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5 Steps to a Zen Commute

5 Steps to a Zen Commute

“I love sitting in traffic,” said no one ever.

You have to get from A to B, B to C, and C to D. You need to get groceries, go to work, get to the gym, and maybe you would like to go out for a drink. Let’s face it – most of the time that involves getting into your car. And if you live in a big city, more often than not, it also involves traffic. How can you make that time less stressful and more zen?

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Here are 5 tips:

1. Listen to an audio book.

How often do you complain that you do not have enough time to read? How much time do you spend in the car? Why not use this time to check a book off your to-do list, or learn about something new that interests you? Here’s the best part: the library. The library has hundreds of audiobooks to be checked out – for free! When you have an audio CD, it automatically stops and starts up again when you get in and out of your car. No playing around with your cell phone, no problems if you are in a rush and cannot find where you left off last. Audio CDs make it simple and efficient to listen to in the car. You’ll be surprised when you find yourself nodding in agreement with your latest self-help book, or laughing out loud to a celebrity autobiography. Your commute goes by faster, and it does not feel like you are just sitting in your car wasting time.

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2. Find your calm.

What symbolizes calm to you? Find a small object or picture that reminds you of calm: a picture of a beach, a pinecone, a flower, a pebble, or a picture of your family. Whatever it is, hang it from your mirror or place it somewhere close to you. When you are feeling overwhelmed, take a moment to hold your calming object. Reconnect with your breath. Change your perspective and realize that change is the only constant in our lives, and this frustrating or exhausting experience will end. Make the choice to breathe. You do not have to judge yourself or change how you are feeling. Just breathe. Yes, you would probably like to be anywhere but in your car, but here you are. How can you connect with this moment?

3. Be grateful.

When you find yourself slipping down the slope of self-pity, begin to list all the things in your life you are thankful for. If you are on your way to work, that means you have a job, and that is something to be grateful for. If you are headed to pick up your kid, they will probably tell you a funny story on the way home and make you laugh. If you are headed to the grocery store, it means you have money to put food on the table. Begin to focus on and appreciate all the wonderful things you have in your life, and realizing that extra time in the car is sometimes just a price we pay for living wonderful, full lives.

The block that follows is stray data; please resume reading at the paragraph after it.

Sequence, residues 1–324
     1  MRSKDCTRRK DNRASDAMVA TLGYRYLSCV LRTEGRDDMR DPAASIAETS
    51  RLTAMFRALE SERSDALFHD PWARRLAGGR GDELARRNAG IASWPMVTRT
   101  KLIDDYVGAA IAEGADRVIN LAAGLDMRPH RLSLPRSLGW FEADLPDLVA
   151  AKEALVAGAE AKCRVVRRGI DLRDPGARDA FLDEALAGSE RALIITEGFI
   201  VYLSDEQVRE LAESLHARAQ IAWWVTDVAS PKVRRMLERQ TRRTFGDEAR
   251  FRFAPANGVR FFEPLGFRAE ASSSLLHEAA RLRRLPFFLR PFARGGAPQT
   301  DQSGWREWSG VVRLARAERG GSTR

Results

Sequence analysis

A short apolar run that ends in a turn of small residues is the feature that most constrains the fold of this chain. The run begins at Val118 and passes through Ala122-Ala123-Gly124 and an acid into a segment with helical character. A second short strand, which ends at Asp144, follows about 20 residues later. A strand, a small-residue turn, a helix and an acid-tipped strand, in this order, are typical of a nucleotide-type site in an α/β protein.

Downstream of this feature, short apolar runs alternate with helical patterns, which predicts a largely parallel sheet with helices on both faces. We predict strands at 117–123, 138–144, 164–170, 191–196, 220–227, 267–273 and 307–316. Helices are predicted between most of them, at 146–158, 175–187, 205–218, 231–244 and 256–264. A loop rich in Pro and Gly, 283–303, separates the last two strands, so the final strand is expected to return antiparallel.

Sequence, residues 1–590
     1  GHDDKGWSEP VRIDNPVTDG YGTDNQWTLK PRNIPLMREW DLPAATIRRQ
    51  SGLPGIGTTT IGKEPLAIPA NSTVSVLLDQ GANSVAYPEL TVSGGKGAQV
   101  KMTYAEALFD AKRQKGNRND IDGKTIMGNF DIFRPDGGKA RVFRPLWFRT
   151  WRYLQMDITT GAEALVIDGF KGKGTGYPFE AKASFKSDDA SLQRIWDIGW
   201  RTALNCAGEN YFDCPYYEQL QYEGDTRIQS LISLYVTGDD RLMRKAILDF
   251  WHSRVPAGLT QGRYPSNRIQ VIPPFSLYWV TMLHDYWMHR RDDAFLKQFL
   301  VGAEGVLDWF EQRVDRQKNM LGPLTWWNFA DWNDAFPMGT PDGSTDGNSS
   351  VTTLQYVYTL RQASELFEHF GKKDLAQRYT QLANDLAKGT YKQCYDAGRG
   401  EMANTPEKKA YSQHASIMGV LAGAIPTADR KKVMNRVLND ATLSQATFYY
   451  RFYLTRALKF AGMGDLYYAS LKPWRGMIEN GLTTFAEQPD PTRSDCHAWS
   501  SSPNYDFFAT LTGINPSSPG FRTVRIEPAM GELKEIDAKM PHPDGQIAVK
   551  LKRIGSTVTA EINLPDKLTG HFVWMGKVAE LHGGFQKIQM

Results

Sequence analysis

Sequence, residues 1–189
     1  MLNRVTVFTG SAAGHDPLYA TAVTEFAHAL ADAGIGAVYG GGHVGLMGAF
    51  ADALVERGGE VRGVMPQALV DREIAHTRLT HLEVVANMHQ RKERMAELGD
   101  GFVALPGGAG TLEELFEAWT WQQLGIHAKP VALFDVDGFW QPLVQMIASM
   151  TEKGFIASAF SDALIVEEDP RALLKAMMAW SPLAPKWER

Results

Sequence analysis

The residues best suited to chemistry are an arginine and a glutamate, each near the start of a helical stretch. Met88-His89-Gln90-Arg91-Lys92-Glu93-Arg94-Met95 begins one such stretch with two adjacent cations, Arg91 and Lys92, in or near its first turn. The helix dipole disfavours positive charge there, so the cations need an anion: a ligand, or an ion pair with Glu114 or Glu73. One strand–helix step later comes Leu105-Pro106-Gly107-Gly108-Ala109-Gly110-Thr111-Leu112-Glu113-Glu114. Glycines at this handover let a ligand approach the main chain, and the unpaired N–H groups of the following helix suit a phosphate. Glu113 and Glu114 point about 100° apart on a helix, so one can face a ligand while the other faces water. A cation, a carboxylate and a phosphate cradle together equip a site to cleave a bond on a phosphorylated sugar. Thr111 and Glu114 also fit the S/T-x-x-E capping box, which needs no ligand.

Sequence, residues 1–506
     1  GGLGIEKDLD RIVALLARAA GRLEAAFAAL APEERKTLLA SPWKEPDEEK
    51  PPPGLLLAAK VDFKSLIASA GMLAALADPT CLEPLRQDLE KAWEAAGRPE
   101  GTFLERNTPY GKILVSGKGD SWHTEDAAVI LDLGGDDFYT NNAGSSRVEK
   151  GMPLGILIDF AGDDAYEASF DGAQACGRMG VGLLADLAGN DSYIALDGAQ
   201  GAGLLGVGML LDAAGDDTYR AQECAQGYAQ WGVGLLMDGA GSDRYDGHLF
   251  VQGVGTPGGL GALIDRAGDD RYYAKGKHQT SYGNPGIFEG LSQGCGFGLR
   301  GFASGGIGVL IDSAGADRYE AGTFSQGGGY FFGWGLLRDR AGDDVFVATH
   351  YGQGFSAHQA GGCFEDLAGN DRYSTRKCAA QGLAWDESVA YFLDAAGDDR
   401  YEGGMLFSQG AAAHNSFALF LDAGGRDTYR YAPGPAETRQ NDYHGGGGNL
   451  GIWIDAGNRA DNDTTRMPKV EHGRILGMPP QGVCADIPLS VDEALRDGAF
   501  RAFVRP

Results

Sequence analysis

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4. Practice positivity.

Stuck in traffic? Look around you at all the people who are also in the same spot. This is the best way to get out of the movie scene you have created for yourself in your head. Wish them a safe commute. Wish for their health and happiness. Send them good vibes and you will also start to feel better. The good energy you send out will come back to you.

5. Visualize.

Use your commute to visualize your day. How do you see it going? What challenges do you foresee, and how can you handle them with grace? What choices will you face? Use your time in the car to manifest the day you want.

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Featured photo credit: www.picjumbo.com via picjumbo.com

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Last Updated on August 16, 2018

The Importance of Reminders (And How to Make a Reminder That Works)

The Importance of Reminders (And How to Make a Reminder That Works)

No matter how well you set up your todo list and calendar, you aren’t going to get things done unless you have a reliable way of reminding yourself to actually do them.

Anyone who’s spent an hour writing up the perfect grocery list only to realize at the store that they forgot to bring the list understands the importance of reminders.

Reminders of some sort or another are what turn a collection of paper goods or web services into what David Allen calls a “trusted system”.

A lot of people resist getting better organized. No matter what kind of chaotic mess, their lives are on a day-to-day basis because they know themselves well enough to know that there’s after all that work they’ll probably forget to take their lists with them when it matters most.

Fortunately, there are ways to make sure we remember to check our lists — and to remember to do the things we need to do, whether they’re on a list or not.

In most cases, we need a lot of pushing at first, for example by making a reminder, but eventually we build up enough momentum that doing what needs doing becomes a habit — not an exception.

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The power of habit

A habit is any act we engage in automatically without thinking about it.